US 5000887 A
A method of forming liposomes with a uniform size distribution, and an average size of about 300 nm or less. Vesicles-forming lipids are dissolved in a water-miscible solvent, such as ethanol, and an aqueous medium is added to a water:solvent ratio at which lipid assembly first occurs. The water:solvent ratio is raised, under conditions which maintain the volume of the mixture substantially constant, until uniform-size liposomes are formed. The average size of the liposomes can be selectively varied by changing the ionic strength and lipid composition of the mixture. In one embodiment, the method is used to produce small unilamellar vesicles. Also disclosed are suspensions of liposomes which have a narrow, substantially symmetrical size distribution in a selected size range.
1. A method of forming a suspension of small unilamellar vesicles, comprising
forming a mixture of vesicle-forming lipids in a single-phase solvent system comprising a water-miscible lipid solvent and water, at a water/solvent ratio at which vesicular and amorphous lipid structures, visible by light microscopy are formed, and
raising the water/solvent ratio, under conditions which maintain a substantially constant volume of the mixture, until uniform-size liposomes are formed,
where the lipid composition and ionic strength of the mixture is selected to produce uniform-size liposomes having a mean diameter between about 30 and 80 nm. with a standard deviation of about one-third the selected size range, as measured by dynamic light scattering.
2. The method of claim 1, wherein the vesicle-forming lipids include between 5-10 mole percent negatively charged phospholipid, and the ionic strength of said mixture is between about 5-20 mM.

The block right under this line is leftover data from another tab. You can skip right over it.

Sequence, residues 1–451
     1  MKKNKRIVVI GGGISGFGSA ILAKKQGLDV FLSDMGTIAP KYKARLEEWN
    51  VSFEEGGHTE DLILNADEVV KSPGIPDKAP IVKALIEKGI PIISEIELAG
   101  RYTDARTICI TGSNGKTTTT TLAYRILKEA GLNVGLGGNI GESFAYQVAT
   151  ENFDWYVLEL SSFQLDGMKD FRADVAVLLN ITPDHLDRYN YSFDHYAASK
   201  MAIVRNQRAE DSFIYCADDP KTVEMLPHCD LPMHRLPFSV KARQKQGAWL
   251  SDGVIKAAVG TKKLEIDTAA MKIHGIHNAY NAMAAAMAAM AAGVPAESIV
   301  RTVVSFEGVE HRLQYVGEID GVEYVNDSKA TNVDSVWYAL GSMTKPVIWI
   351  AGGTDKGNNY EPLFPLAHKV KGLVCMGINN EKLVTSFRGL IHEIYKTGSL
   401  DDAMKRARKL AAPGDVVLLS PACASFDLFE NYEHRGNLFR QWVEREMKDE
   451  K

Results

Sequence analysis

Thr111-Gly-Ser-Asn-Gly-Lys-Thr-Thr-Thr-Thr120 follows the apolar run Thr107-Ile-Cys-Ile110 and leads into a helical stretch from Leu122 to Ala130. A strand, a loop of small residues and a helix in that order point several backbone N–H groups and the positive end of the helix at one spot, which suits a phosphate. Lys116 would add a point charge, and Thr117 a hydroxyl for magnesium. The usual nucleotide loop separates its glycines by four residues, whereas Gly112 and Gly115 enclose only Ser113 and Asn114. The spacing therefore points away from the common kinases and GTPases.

3. The method of claim 1, wherein the vesicle-forming lipids are neutral phospholipids.
4. A method of forming a suspension of liposomes having a substantially uniform size distribution and a mean diameter of about 300 nanometers or less, comprising
preparing a mixture of vesicle-forming lipids in a single-phase solvent system comprising a water-miscible lipid solvent and water, at a water/solvent ratio at which vesicular lipid structures are formed, and
raising the water/solvent ratio by adding water to the mixture, and removing solvent preferentially from the mixture by evaporation under reduced pressure, with continued addition of water to maintain the volume of the mixture substantially constant, until uniform-size liposomes having a selected mean diameter of about 300 nanometers or less with a standard deviation of about one-third the selected size range as measured by dynamic light scattering, are formed.
5. The method of claim 4, for use in forming liposomes with an encapsulated, water-soluble compound, wherein said preparing further includes adding the compound to said mixture prior to said raising.
6. The method of claim 4, for use in forming liposomes with an entrapped, lipid-soluble compound, wherein said preparing further includes adding the compound to said mixture prior to said raising.
The present invention relates to a method of preparing uniform-size liposomes, and in particular, uniform-size liposomes having a selected mean diameter less than about 300 nm.
Gregoriadis, G., in Liposomes, vol. III.
Poznansky, M. L., et al, Pharm Revs, 36(4):277 (1984).
Szoka, F., et al, Proc Nat Acad Sci (USA), 75:4194 (1978).
Szoka, F., et al, Ann Rev Biophys Bioeng, 9:467 (1980).